Schutzhalter​ ​ [ʃʊt͡s ˈhaltɐ]

  • schutz​ (lit. shoot, 1836, p421))
  • halter​ (lit. “​to look after, or keep​” (Dasypodius 1535, 99v2), ‘​keep’​, as in housekeeper (Golius, 1579, 211)

The term ​Schutzhalter​ was often used liken to“​schirmer/ ”​ (guardian) as seen throughout Fortunatus Hueber’s (1686) history of the Franciscans, “Dreyfache von Orden S. Francisci”.

For Historical Fencing researchers, references of the term in the ​Fechtschulen​ are in several places. The Ordinances of the City of Breslau (9 September 1606) for one place, and note the several mentions ’ found in ​Wöchentliche Nachrichten für Freunde Geschichte​ (Büsching, 1817, p313).

I think of the term as, the “action keeper/ or guard”.

This is an excerpt found in Part One of The Forerunners of the Fechtschule: Antiquity. Available from:
Research Gate.


Pritsch​/ prɪtʃ

(lit. Board) was the name of the miniaturized ​brotschießel​ like rod with one end being thin and flat serving as its ‘striking’ surface, described further as ‘often preposterously large of leather or of split clacking wood and sometimes gilded…’ (Freytag, 1863, p1​52​).

The ​Pritsch​ was held and employed by the master of ceremonies (Pritschenmeister​) of ​Schützenfest​ and ​Fechtschule​. They were part announcer, jester, entertainer, and disciplinarian for these events.

For more look to the ​Nouveau Dictionnaire Allemand-François ​entry on​ ‘Pritchmeister​’ ​(1762, p451), and the entry entitled ‘Pritschenmeister’ in ​Reallexikon Der Deutschen Altertümer Götzinger (1885, p812); review the biographies in ​Allgemeine Deutsche Biographie​ of XVI century Pritschenmeister Lienhard Flexel (vol. 7, 1878, p119) and Heinrich Wirrich (vol. 55, 1910, p385-387).

For descriptions of the ​Pritschenmeister​ role in the ​Schützenfest​ of the era see the ​Pritschenmeister​ for Archduke of Austria Ferdinand II in the work entitled ‘Ordentliche gründliche Beschreibung des großen Schießen Stahloder Armbrust Zwickaw den 25 Augusti​’ (Siber, 1574) and chapter three of Georgiana Malcolm’s translation of Gustav Freytag’s ‘​Pictures of German Life in the XVIIIth and XIXth Centuries​’ (1863, pp1​34–186​).


angreiffen [anˈɡʁaɪ̯fn̩]   “Initial Attack”. 

lit. to tempt/ to attack (Dasypodius, 1535, 144r1 and 218r1), or a seizing action. As a fencing term, Master Meyer often used it with the meaning of one’s a first attack, an inciting action seeking the opponent’s reaction, while seizing the Vor.

Petrus Dasypodius


Let us remember Peter Dasypodius who died in Straßburg this day in 1559. His works have been a boon to researchers and translators the world over. He of course also holds a special place in the hearts of Historical Fencing researchers and translators!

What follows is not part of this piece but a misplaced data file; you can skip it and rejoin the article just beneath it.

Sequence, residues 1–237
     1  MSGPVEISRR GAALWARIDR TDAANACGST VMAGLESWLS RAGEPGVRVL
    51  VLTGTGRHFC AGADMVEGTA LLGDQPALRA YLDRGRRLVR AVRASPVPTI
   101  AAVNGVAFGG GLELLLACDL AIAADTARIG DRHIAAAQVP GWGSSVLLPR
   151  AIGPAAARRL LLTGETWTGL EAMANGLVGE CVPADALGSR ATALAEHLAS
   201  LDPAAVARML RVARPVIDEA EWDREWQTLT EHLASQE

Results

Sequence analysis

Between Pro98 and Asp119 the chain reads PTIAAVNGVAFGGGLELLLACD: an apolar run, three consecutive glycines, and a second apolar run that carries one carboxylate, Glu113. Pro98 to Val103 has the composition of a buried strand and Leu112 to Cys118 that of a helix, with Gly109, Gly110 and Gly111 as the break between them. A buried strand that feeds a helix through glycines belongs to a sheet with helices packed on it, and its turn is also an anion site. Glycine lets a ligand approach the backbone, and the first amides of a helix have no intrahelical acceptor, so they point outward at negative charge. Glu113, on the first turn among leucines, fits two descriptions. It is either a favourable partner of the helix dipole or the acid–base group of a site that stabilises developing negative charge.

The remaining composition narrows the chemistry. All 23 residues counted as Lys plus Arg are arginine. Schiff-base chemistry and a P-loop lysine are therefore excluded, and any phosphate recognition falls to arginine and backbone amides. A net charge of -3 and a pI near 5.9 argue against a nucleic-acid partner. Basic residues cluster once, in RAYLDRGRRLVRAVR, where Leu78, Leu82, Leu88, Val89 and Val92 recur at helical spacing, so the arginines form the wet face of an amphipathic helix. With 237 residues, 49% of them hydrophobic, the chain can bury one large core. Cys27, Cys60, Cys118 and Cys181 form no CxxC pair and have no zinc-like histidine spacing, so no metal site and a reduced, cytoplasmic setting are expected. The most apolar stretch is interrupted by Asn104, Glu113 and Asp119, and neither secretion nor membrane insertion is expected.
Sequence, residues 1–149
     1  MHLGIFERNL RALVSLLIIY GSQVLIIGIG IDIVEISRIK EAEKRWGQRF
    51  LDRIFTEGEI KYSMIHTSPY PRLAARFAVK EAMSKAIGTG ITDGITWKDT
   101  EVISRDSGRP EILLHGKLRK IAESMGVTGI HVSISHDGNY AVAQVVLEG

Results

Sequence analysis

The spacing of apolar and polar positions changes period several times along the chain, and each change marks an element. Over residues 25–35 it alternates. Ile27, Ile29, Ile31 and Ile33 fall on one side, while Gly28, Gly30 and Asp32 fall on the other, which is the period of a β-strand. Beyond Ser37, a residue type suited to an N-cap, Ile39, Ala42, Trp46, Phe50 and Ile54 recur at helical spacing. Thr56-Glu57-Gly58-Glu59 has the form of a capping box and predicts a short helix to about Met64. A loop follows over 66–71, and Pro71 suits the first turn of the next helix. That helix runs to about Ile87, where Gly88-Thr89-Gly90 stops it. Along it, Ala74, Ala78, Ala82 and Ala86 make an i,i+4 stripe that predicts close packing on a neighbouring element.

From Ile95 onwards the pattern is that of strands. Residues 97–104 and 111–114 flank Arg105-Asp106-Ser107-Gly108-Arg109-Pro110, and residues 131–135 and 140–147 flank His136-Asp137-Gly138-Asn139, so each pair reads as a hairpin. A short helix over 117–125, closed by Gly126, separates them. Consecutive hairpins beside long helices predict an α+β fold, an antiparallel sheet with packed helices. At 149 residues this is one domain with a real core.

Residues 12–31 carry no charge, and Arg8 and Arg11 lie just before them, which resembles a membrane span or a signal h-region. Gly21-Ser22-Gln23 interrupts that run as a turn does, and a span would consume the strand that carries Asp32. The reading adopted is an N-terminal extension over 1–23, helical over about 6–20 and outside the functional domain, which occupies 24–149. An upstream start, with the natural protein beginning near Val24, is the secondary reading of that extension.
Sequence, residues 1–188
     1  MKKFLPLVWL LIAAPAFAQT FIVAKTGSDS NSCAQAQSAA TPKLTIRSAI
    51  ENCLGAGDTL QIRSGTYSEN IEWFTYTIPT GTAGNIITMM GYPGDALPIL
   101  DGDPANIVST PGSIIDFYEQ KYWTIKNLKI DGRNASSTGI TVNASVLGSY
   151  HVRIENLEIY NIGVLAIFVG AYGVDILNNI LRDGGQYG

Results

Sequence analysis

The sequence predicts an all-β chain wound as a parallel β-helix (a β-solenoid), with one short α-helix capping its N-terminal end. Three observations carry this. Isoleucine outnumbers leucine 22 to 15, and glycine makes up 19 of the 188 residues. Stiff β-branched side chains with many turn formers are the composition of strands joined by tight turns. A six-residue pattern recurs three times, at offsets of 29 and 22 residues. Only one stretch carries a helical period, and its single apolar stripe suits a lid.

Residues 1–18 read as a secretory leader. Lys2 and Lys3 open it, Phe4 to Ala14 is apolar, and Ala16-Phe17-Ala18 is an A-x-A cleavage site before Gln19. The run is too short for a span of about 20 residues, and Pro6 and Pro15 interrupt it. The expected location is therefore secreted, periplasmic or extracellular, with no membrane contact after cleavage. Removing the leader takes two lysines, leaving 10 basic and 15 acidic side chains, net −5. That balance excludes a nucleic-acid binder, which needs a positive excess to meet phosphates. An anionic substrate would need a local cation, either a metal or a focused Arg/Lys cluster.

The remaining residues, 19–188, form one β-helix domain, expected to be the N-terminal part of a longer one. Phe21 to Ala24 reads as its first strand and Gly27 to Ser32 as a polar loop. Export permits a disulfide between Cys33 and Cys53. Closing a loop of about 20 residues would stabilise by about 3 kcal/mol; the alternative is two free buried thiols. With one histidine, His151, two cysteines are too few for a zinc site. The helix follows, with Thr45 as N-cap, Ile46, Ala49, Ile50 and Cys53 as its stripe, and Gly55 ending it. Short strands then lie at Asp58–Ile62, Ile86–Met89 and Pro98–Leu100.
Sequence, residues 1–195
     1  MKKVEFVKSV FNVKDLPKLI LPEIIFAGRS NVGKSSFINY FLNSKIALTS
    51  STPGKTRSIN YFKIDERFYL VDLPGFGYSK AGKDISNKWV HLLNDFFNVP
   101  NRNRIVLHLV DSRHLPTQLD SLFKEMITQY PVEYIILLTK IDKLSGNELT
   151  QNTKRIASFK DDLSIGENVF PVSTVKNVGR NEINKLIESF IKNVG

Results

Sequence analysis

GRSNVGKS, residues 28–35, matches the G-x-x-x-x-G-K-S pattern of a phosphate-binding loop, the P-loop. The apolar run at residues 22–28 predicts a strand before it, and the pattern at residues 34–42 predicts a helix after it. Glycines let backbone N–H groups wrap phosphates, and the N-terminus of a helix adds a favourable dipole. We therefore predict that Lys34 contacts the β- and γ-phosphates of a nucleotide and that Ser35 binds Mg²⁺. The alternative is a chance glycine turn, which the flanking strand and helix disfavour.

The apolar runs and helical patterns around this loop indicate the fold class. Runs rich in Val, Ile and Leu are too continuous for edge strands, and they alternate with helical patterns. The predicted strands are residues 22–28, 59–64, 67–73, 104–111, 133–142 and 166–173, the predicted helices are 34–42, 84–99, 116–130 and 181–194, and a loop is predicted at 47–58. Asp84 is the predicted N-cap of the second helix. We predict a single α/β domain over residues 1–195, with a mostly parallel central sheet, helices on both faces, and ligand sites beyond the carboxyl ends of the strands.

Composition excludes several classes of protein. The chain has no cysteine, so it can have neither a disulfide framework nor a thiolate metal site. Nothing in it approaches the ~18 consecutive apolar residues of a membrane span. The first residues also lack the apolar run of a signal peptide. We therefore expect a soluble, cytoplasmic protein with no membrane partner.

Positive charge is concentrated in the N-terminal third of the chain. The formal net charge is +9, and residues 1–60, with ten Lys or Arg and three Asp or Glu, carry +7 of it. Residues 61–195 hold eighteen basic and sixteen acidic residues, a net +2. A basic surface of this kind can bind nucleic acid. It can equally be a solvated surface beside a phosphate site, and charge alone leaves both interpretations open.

If you are unfamiliar with him or his works, or just not sure why he is important, please read the follow excerpt:


Reference to the two page excerpt above:
Smet, Gilbert A.R. de, ‘Dasypodius, Peter’, in Lexicon Grammaticorum: A Bio-Bibliographical Companion to the History of Linguistics, ed. by Harro Stammerjohann, 2nd edn (Tübingen: Max Niemeyer Verlag, 2009), pp. 375–358. ISBN 978-3-484-73068-7

From the Dedicatory Preface (1570) part I

There are many pieces of data that aid a greater context of the world Master Meyer lived and wrote his fencing books in. I believe that the more we understand the Early Modern Period Meyer inhabited the better students we will become of his presented Art.

So very briefly lets look at some of the people, and places made mention of in his Dedicatory Preface to his 1570 fencing book.


One of the collateral lineages of Palatinate line of the House  of  Wittelsbach.


In the Golden Bull of 1356, the Palatinate was recognized as one of the secular electorates, and given the hereditary offices of Erztruchseß of the Empire and Reichsverweser of Franconia, Swabia, the Rhine, and southern Germany. From that time forth, the Count Palatine of the Rhine was usually known as the Kurfürst von der Pfalz.

Due to the practice of dividing territories among different branches of the family, by the early 16th century junior lines of the Palatine Wittelsbachs came to rule in Simmern, Kaiserslautern and Zweibrücken in the Lower Palatinate, and in Neuburg and Sulzbach in the Upper Palatinate. The Elector Palatine, now based in Heidelberg, adopted Lutheranism in the 1530s and Calvinism in the 1550s.

When the senior branch of the family died out in 1559, the Electorate passed to Frederick III of Simmern, a staunch Calvinist, and the Palatinate became one of the major centers of Calvinism in Europe, supporting Calvinist rebellions in both the Netherlands and France.


Established in 907, held by the House of Wittelsbach from 1180, Bavaria-Munich and Bavaria-Landshut reunited in 1506, annexed the Upper Palatinate from the Electoral Palatinate in 1628 along with the electoral dignity, inherited the whole Electorate of the Palatinate in 1777.